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How Social Media Impacts Different Generations

This article is written by a student writer from the Her Campus at Manipal chapter.

Edited by: Kaavya Azad

The average Gen-Z spends three hours on social media platforms every day, making social media a crucial component of our lives. Since we were introduced to social media during our teenage years, it is also fair to say that social media has heavily influenced our upbringing and perception of many things.

With the cons of social media being so obvious, a new, fresher perspective would be to see the yin and yang of this — being a person who has grown up with social media, I have seen the world around me change drastically.

Concept of education and “woke culture”

These platforms have played a huge role in educating the present generation. The promotion of woke culture has helped many people refine their perception of right and wrong. This has brought many issues which were suppressed to light and has fulfilled one aspect of bringing the world closer. This promotes inclusivity and lets people know that they are not alone in struggling with these issues.

The word ‘education’ has meant only learning of material and subjects, up till now. The previous generations have had no chance but to accept the social perceptions, ideologies, and standards set. The concepts of toxic masculinity, consent and sex education, different gender identities, and sexual orientations are new, to put it mildly, to the previous generations due to the lack of discussion and discouragement.

The future holds a lot more promise of acceptance and open-mindedness about these issues. Even with the algorithm in place to show you similar results, you are bound to come across different points of view about everything. Conventional ideas are being challenged; important conversations are starting to take place. The coming generations will slowly dilute these issues as they will be much more educated.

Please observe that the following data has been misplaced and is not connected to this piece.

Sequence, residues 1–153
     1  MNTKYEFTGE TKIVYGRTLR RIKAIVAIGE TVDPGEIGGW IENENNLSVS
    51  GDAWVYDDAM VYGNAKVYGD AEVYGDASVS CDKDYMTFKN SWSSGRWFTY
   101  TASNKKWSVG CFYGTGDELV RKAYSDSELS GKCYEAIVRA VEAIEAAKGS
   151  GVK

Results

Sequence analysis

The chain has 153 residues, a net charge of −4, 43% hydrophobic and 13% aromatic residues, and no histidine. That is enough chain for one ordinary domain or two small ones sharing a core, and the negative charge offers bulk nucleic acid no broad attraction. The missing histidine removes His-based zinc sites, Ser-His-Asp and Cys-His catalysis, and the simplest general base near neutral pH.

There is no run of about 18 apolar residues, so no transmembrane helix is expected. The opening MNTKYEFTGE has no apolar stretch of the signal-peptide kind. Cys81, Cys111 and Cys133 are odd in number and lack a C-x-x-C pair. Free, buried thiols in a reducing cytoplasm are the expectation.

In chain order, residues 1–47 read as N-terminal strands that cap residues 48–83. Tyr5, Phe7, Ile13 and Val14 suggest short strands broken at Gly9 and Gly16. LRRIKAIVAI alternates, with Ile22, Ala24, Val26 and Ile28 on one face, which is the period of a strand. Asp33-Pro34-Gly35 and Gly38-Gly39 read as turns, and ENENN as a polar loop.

Movements and campaigns which change the world

Political awareness was not very prevalent before social media. People didn’t have many choices for news except for news channels, which weren’t exactly known for pure journalism and mostly reported half-baked theories about current affairs. People got voted to power based on pure popularity and biased tactics, and not for their work while in power.

Things have not changed drastically, but change has started nevertheless. Many media pages are now available on social media like Newslaundry, ScoopwhoopUnscripted, etc., that have come up with innovative and authentic journalism methods. There are now new ways to decide on whom to vote for and to choose which matters are important to oneself these days. This kind of pedagogy has also given rise to many movements — such as helping bring people who may have originally gotten away with a crime to justice — and has made unbiased news much more accessible. It has also increased the means of political dissent and given rise to social media activism. Many recent proofs are available, like BLM, MeToo, and the AllShadesAreLovely campaign by Chandana Hiran, etc.